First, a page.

I met a young man at the Livestock Institute Conference in Dighton, Mass. who wants to sell more eggs from his family farm. He had lots of questions:
- “How can I increase the profit on my egg sales?”
- “How much should I sell them for?”
- “Who should I sell to?”Unfortunately, it’s impossible to give a quick response to these types of questions, because the answer is always, “It depends.”
In the right markets, free range eggs can fetch a much higher price than the commodity eggs that come from a factory hen house. But if you try to sell to people who don’t appreciate the added value or you face a significant amount of competition, it can be harder to capture that higher price.
There’s almost always a way to increase sales (either by selling a higher volume or at a higher price), provided you’re willing and able to adjust your sales and marketing strategy. Sometimes, all you need is a minor change, but sometimes you may need to make a more fundamental shift.
A small tweak might involve creating a new logo that helps position your product as a luxury brand. A major change might require you to reformulate a significant part of your business. For example, Good Egg Marketing is currently working with Sanctuary Herbs of Providence, which sources their teas and herbs directly from Rhode Island’s refugee and immigrant farmers. Currently, Sanctuary only sells bulk teas. In addition to redesigning their labels (a minor tweak), we also discussed whether they should also produce tea bags (something with a major impact on operations as well as marketing).
When I meet someone who wants to grow their business, I encourage them to run through the “Six Ps” of marketing. Each P stands for an aspect of your marketing strategy that can help you best target your customers and increase sales. (Traditional marketers only use Four Ps, but using these Six Ps will help you generate better results.)
Here are the Six Ps:
- Products/Services you offer
- Place (where/how you sell them)
- People (your target markets, staff, and competitors)
- Promotion (how you’re getting the word out)
Whether you’re a marketing newbie or a pro, spend some time brainstorming about how you could make changes in each of the Ps. While you’re doing so, you may come up with a genius idea that helps you ignite sales.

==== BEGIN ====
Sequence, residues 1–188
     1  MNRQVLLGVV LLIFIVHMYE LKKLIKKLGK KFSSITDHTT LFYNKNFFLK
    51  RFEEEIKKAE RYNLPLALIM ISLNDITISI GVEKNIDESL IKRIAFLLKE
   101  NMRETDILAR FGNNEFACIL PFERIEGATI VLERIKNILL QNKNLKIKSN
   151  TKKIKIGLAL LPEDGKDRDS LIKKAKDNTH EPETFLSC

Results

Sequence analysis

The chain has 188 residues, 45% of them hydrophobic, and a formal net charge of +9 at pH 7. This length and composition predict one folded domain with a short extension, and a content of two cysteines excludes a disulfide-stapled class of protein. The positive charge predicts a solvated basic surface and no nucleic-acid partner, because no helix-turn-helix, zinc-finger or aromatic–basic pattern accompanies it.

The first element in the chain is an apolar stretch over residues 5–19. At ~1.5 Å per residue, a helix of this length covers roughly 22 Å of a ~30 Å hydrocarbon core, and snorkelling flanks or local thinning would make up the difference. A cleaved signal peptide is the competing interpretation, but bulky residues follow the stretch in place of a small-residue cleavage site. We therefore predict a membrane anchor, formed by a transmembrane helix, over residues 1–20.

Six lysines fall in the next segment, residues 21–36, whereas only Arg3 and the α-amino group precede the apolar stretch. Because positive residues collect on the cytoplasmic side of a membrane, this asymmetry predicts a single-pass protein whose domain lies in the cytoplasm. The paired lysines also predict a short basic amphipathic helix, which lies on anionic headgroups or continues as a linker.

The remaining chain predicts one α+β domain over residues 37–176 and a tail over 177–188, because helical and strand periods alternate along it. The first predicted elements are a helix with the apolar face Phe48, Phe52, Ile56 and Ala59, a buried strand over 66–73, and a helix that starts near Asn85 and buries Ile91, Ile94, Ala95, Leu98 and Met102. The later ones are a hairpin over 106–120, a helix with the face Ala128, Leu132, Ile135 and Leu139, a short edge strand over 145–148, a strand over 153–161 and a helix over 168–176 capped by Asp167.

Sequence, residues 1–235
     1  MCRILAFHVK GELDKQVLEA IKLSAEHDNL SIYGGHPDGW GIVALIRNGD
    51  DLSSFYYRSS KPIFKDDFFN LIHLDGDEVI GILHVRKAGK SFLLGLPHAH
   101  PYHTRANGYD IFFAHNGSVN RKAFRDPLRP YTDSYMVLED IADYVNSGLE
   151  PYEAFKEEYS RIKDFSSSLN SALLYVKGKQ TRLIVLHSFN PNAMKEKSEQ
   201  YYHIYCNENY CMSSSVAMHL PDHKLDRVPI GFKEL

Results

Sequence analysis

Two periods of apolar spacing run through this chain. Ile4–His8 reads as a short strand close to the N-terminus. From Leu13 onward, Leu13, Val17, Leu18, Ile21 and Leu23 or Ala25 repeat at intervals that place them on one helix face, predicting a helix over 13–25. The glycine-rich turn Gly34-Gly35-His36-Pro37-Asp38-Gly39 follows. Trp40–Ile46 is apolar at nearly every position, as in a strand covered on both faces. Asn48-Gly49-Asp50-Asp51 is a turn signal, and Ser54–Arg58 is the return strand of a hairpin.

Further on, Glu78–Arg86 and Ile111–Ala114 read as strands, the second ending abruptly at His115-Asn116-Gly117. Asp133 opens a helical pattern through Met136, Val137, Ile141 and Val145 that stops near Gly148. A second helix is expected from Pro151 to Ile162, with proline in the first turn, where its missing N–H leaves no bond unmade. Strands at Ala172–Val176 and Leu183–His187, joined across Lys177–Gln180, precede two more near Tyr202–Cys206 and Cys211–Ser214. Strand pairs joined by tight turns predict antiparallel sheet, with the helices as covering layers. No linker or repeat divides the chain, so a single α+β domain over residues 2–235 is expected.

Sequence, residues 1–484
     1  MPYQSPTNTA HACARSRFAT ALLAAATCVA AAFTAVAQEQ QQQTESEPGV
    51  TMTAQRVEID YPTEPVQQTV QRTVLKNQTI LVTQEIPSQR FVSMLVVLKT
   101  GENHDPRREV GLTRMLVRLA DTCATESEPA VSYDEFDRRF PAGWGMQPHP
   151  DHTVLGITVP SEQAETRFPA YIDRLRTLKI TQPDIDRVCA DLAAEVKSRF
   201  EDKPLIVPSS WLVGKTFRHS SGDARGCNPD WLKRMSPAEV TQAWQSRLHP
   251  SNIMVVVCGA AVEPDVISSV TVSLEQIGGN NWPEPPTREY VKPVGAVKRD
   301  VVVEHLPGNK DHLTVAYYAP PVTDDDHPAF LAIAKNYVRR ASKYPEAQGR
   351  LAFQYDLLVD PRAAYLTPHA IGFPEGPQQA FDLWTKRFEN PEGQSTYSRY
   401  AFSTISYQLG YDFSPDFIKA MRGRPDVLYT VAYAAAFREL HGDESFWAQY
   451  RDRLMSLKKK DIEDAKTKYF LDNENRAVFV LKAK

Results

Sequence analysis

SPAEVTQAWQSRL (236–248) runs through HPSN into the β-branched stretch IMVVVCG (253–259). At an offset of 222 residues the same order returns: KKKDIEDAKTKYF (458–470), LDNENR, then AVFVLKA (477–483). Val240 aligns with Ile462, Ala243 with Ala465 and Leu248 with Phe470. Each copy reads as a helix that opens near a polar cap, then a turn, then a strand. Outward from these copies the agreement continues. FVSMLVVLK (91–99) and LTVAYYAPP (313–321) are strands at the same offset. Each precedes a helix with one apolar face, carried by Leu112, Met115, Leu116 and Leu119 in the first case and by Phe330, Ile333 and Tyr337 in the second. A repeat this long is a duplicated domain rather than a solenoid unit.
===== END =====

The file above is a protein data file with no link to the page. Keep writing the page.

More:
How to Use the Six Ps to Increase Sales
What: Review the products and/or services that you offer. You might have been the first café serving avocado toast in your area, but now that everyone but McDonalds has it on their menu, it may be time for, I don’t know, Kumquat croissants. If year-over-year sales for your #1 product are declining, do some quick market research to determine if this is an industry-wide trend. If so, it may be time to develop some new flavors, make your service more convenient, or look for new product formats.
Example: U.S. Greek yogurt sales grew by 2,500% between 2006 and 2011, but fell 4% in 2016. Companies like Chobani are continuing to increase Greek yogurt sales by creating new products like yogurt drinks. And General Mills launched a successful new French-style yogurt, Oui by Yoplait, packaged in little glass pots.
Brainstorm: How can you expand or adapt your products or services to address changing market needs?
Resource: Are you a trend spotter?
What: It’s always a good idea to review your pricing strategies. Are you charging enough to cover your cost of goods, marketing costs, and a profit for each of your products or services? Have your peers/competitors changed their prices in the past year? If you’ve got a new low-cost competitor, should you consider adding a new service with fewer bells and whistles that you can sell at a lower price without diluting the value of your brand?
Example: Pete and Gerry’s Organic Eggs also owns a sister brand, Nellie’s Free Range Eggs. The eggs from the premium brand–Pete and Gerry’s—are free range AND organic, and sell for $5-$6 per dozen. The eggs from Nellie’s are free range but not organic and sell for $4-$5 per dozen. By creating two brands with different features and price points, they’re able to reach a broader range of the market.
Brainstorm: If you need to increase your sales volume to decrease production costs, would adjusting your prices (up or down) increase sales (and profit)? Should you offer a promotion, such as buy one, get a second product half price, that would stimulate sales, or will it cheapen your brand?
The Farmer’s Office offers a live webinar that will help you review your cost of production and conduct a competitive analysis. Good Egg Marketing email subscribers can attend the pricing webinar for free, using the discount code “GEMrocks”.
Scott Sanders’ Shelf Talk is a fun blog with great insights about pricing, merchandising, and the grocery industry.